Monday, July 4, 2011

Sixth Anniversary and still Surprised

It was a surprise. I know I should have expected it- it was so inevitable. Yet, it came to be a surprise. It was just another normal day for me. I was sitting at my table, trying to complete my homework before 6 a.m, and I had no other thought in my mind. So naturally, i was surprised when my father came and slipped that day's newspaper in front of me. I ran my eyes over the names on the page(for it was the obituary that dad pointed to) and found none that I knew. May be because I wasn't looking for it. Dad had to point before I found it. There, the very first name in the very first column- Wafa Khaleel. My best friend since kindergarten. Well, I was surprised. I gave the paper back to Dad and continued writing my homework. Dad closed the book and gently patted my shoulder. 'No class today, dear. You can do it later.'

Of course, no class. the school had to honour her, so no class. I went back to my room, not knowing what to do. I was shocked, kind of, numb. I lied down, hugging a pillow. Memories came rushing through my mind but I couldn't cry. Not then, no, I couldn't. But later when I heard my mom sobbing, I felt the first tears welling up in my eyes. I should have expected it, I kept telling myself.Yet, however you expect it, death and birth can be the greatest surprises of your life. Especially when the person who has died is someone close to you, someone too dear to lose. It does not matter that she was ill all those days, very, very ill and almost hoping that death would take her away from all pain. Nothing matters when a dear friend is dragged away by death. It will be the most unpleasant surprise of your life.

And so it was for me. My Wafa, with whom I'd my first lesson. My Wafa, with whom I shared lunch and drew pictures. My Wafa, with whom I played and talked and laughed and cried for about ten years. My Wafa, who had been fighting with one hell of a disease for the last two years of her life... In the end, she lost the battle. She was too tired to fight any longer. After all, blood and bone cancer is not too simple an opponent She lost her life, and I lost the best part of mine.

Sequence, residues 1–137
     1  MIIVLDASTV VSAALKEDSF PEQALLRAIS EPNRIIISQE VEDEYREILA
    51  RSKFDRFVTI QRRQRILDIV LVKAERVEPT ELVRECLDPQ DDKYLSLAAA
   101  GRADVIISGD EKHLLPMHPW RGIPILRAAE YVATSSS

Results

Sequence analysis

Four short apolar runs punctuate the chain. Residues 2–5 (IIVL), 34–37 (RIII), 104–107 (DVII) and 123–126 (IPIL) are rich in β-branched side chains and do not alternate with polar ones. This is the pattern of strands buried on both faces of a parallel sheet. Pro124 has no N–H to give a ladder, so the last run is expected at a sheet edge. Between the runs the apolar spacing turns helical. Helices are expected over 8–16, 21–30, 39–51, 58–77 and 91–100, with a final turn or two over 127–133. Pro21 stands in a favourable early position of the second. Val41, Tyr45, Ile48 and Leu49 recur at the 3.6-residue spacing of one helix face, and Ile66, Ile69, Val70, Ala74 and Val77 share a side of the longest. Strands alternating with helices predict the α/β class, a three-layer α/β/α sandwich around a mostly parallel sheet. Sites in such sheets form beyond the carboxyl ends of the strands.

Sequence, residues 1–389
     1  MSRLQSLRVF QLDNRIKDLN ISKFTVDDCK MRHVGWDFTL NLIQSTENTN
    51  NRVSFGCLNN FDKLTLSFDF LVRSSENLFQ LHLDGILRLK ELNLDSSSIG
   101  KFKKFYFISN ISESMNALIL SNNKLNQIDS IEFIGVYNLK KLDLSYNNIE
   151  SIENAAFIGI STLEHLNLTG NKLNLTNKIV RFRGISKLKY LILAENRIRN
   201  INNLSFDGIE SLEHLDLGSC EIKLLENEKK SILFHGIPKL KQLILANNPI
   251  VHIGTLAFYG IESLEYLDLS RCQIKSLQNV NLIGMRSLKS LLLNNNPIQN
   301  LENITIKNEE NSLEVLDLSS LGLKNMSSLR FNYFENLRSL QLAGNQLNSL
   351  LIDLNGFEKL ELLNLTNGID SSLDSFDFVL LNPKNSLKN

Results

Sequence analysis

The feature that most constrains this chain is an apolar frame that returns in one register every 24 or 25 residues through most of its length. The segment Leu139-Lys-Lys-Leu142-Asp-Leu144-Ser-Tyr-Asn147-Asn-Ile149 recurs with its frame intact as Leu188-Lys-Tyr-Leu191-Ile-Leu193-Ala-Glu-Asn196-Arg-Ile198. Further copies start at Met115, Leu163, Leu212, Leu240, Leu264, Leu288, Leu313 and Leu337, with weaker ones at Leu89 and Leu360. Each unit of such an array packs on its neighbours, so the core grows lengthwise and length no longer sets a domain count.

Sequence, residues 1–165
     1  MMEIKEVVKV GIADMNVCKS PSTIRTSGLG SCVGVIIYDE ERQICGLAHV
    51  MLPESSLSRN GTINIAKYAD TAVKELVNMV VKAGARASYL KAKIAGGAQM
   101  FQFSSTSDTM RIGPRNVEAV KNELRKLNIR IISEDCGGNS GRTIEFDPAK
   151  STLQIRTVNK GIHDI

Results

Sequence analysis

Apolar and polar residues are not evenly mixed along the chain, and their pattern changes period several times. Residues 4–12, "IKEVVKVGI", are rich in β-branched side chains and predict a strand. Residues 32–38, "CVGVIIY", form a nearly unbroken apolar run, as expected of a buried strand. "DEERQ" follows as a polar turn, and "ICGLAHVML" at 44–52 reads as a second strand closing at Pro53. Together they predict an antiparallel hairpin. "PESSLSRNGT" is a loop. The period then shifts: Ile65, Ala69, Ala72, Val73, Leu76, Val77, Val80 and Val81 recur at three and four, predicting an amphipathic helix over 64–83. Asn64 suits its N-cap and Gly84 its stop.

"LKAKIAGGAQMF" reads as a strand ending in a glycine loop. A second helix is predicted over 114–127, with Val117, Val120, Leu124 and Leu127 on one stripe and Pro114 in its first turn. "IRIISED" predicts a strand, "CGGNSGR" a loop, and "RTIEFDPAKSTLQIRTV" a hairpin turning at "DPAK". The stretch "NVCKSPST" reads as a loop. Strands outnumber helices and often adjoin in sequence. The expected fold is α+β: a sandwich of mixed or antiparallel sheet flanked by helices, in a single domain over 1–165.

I cried, but only a little. May be because I was too numb to realize the full impact of the news. Whatever the reason, I cried only a little then.But when I went to her house and saw the body, the loss I was about to suffer struck me completely, and I broke into tears. I sobbed uncontrollably. One of my friends fainted. I don't remember much of what followed. Life went on, though less colourful.

Now, it is July 5 again. Six years had passed since that unfortunate day, but I remember everything clearly as if it was only yesterday that we sat and talked. I remember all the weekend visits when she stopped coming to school. We talked without pause about school, teachers, friends and latest movies. I remember some visits more clearly than others. Certain things are struck in my memory. Like the fact that she liked mangoes and chocolates. And the time I had given her medicines. And how she had always won when we played Chinese  Checkers. And the day she told me how hard she had to try at times to stop from crying out of pain, as she knew it would upset her mother. I remember it all too well... Sometimes, it is a bit difficult to stop the tide of memories. Especially the sweet and sad ones.

They say time is the best healer. Well, I disagree. Years have flown since my dearest friend's departure from this world, but I'm yet to overcome the sorrow. I have lots of friends, but none who can make me forget her(not that I want to forget her). At times I turn to talk to her and when I realize that she is not with me, I feel the fresh stab of pain. Her death was, and is, a surprise for me. The wound is still fresh. And it will always be.